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Admittedly I only programmed in Ada for a few months, but I found it to be an unbearably tedious language. The verbosity is monstrous--- the type system is inexpressive; it feels primitive. Nothing is inferred, everything is repeated. Ugh, I would rather code exclusively in C++ templates than touch Ada again.

I will freely admit that Ada is not appropriate for all uses. But for the sort of thing you'd want to use Ada for (life critical systems, critical infrastructure, control systems, etc) The explicit type system, explicit declaration, statically typed system is ideal. I particularly like the ability to declare down to the bit level how my data is stored. Very useful for working with low level hardware.

Take a look again, with an eye towards large scale long lived critical systems. You'll find that explicitness a feature, as is the very strict static typing.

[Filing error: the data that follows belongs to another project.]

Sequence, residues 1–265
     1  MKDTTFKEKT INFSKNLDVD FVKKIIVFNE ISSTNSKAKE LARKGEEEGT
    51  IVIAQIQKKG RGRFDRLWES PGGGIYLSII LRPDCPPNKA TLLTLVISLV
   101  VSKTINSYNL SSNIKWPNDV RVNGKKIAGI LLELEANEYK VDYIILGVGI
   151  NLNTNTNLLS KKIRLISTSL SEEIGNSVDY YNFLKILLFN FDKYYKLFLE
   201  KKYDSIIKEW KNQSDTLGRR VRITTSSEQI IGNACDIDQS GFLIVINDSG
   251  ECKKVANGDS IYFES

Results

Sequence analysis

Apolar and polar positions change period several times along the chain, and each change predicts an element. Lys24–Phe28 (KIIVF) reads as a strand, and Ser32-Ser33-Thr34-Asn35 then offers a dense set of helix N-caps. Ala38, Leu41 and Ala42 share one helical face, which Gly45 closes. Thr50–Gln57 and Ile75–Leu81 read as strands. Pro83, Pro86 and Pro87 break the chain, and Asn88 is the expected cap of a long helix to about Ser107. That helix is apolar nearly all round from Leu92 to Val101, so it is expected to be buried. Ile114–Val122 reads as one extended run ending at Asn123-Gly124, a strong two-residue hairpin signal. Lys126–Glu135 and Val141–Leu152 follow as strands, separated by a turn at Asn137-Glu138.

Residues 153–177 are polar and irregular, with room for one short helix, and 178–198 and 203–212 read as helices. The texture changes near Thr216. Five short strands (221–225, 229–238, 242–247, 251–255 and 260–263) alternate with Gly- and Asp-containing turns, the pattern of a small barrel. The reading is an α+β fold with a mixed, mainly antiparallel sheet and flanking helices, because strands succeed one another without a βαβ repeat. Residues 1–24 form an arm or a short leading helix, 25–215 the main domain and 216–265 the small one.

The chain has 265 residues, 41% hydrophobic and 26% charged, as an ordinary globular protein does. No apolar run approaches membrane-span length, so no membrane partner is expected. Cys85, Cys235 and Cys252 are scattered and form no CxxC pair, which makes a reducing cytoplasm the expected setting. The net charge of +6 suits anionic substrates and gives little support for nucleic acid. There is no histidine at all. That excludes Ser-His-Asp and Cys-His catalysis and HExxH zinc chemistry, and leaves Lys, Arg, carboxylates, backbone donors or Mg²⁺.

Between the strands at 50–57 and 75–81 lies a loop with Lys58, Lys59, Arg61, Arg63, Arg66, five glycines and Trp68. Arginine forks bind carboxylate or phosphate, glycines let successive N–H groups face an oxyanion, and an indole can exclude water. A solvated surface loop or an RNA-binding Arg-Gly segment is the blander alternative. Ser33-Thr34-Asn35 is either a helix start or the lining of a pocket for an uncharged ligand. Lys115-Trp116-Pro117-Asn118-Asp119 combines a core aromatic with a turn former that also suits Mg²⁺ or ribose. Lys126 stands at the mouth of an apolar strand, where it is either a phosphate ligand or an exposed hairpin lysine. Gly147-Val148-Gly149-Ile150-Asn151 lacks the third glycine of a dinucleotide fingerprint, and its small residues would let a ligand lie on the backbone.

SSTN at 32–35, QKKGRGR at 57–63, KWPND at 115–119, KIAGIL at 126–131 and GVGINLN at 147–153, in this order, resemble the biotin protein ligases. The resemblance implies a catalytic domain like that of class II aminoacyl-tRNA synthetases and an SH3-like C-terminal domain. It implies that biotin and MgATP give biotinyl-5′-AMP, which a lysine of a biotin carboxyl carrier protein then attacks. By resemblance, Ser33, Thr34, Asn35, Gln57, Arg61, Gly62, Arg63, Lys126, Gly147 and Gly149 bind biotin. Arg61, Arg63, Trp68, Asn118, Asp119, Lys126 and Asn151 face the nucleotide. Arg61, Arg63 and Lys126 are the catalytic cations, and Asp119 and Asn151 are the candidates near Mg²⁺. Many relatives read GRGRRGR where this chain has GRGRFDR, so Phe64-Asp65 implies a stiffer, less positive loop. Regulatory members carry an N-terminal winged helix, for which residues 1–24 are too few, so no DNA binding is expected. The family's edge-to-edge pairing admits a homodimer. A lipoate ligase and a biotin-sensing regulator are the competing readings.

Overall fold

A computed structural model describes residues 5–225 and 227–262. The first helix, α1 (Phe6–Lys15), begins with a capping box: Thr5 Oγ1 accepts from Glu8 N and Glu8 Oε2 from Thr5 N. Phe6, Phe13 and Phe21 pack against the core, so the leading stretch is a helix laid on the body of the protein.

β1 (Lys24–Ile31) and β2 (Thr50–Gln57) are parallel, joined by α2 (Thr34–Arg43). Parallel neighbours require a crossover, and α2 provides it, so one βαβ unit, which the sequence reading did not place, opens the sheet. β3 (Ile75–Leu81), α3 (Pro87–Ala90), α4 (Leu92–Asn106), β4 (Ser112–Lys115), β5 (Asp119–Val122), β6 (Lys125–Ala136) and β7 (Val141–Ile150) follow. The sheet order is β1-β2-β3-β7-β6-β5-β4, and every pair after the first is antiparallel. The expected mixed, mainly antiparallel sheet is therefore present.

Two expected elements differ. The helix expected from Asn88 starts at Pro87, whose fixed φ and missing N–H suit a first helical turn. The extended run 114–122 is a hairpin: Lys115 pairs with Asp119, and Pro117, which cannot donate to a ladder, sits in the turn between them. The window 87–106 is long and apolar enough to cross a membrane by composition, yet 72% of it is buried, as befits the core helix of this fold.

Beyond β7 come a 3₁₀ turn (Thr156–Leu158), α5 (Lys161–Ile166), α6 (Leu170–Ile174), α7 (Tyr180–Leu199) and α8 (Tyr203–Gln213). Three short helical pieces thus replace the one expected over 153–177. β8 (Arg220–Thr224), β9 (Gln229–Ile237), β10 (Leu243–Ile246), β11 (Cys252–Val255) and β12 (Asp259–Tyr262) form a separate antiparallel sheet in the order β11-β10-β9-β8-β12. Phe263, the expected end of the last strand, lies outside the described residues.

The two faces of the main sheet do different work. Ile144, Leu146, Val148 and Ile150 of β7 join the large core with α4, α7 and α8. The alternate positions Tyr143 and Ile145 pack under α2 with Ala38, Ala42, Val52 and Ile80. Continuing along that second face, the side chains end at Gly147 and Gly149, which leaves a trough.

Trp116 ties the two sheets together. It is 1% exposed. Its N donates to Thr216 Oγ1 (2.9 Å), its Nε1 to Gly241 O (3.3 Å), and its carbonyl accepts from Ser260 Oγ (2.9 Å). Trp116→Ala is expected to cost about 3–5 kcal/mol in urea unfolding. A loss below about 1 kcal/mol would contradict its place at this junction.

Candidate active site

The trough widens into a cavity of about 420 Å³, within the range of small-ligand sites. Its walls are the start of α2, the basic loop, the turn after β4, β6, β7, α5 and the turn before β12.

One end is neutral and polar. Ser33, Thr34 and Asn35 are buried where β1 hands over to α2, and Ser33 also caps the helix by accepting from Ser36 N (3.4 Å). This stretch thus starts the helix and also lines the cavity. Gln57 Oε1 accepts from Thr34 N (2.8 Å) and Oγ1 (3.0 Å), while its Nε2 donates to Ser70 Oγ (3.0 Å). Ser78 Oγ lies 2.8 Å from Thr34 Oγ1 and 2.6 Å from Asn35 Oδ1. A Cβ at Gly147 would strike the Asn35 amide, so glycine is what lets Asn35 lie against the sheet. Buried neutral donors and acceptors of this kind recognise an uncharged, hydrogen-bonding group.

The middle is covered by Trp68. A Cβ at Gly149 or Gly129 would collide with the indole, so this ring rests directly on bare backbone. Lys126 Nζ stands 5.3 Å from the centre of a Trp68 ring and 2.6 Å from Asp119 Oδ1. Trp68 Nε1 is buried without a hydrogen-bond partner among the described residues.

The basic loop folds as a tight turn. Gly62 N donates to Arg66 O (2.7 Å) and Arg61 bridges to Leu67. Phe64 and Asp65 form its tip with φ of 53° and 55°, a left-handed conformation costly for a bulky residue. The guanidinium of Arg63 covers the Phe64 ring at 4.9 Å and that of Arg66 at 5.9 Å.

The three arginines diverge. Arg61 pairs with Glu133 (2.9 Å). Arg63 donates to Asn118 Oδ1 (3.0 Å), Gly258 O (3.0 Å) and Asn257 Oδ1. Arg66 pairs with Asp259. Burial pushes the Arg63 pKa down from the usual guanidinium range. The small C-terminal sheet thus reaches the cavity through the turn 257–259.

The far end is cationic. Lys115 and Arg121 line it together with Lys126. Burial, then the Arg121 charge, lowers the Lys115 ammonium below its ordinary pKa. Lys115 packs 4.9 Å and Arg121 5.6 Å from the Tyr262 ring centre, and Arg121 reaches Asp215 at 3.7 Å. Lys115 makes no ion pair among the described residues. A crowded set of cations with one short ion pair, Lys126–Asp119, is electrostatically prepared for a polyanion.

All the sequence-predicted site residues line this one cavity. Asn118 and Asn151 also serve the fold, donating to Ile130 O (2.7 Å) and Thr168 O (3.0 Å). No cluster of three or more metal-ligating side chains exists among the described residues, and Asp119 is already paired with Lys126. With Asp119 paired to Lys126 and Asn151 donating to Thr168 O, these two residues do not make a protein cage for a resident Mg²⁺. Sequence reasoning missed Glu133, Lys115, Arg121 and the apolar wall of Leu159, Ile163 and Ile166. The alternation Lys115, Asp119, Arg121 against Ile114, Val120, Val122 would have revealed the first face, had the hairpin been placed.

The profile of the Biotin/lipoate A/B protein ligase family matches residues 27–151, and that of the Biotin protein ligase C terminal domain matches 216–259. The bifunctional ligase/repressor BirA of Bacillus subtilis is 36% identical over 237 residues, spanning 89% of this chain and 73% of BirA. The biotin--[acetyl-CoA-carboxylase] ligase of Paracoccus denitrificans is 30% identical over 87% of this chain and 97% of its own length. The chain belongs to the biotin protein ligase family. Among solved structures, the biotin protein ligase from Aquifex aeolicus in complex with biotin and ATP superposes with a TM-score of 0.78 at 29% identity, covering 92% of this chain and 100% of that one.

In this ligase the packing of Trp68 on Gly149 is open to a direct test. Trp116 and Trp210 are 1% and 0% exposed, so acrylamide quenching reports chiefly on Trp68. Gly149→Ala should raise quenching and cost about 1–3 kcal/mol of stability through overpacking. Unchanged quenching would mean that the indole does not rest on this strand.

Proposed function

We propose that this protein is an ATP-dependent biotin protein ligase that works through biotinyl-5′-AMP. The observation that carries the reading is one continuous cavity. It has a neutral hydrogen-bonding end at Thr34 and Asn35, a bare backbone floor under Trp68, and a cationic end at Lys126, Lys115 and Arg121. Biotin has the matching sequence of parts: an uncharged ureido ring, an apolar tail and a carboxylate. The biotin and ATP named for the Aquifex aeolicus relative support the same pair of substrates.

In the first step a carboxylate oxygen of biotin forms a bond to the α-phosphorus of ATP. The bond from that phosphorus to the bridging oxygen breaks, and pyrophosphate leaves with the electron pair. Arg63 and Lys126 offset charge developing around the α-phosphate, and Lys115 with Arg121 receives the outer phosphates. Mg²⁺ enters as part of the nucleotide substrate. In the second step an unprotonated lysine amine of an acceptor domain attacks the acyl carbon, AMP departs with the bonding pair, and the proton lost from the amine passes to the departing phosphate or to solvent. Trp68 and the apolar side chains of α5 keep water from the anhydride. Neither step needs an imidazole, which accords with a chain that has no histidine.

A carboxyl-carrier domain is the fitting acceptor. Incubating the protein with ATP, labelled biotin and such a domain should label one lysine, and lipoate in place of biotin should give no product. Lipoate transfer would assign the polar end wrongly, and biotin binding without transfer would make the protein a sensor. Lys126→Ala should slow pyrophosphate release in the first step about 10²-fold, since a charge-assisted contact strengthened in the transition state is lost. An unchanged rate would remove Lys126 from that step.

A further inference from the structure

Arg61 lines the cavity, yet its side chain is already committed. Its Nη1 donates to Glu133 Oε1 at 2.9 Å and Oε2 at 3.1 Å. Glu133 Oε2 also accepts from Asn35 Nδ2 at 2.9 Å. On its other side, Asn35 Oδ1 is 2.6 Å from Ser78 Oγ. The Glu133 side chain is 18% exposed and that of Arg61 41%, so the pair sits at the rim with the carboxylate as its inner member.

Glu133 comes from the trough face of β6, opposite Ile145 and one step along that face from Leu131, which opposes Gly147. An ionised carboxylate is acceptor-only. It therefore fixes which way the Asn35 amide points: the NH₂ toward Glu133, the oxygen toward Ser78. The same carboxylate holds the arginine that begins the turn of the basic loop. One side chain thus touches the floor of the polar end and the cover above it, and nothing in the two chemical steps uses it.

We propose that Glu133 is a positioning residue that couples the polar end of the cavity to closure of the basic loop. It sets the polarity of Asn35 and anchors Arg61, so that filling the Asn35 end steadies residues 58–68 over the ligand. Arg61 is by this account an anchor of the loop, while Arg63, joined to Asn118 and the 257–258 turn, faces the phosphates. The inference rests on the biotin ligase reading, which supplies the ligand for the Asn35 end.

Oh, and they got pointers right the first time.

EDIT: Forgot to mention the coolness of the type system - you can declare ranges and other type information and the compiler will hold that requirement strictly. for example type direction is range 0..359; Declares the obvious, but now you can have the compiler error if you assign a direction type with a value that might be outside that range. Even if you don't set that option you can always use the foo'valid attribute to check that foo is within bounds. This is used to check for stray cosmic radiation (seriously!).

Yes it seems like overkill. But when you come back to 20 year old code that's still running you'll smile.

I would also add that Ada compilers do generate some surprisingly efficient executables. This helps quite a lot in the embeded space.

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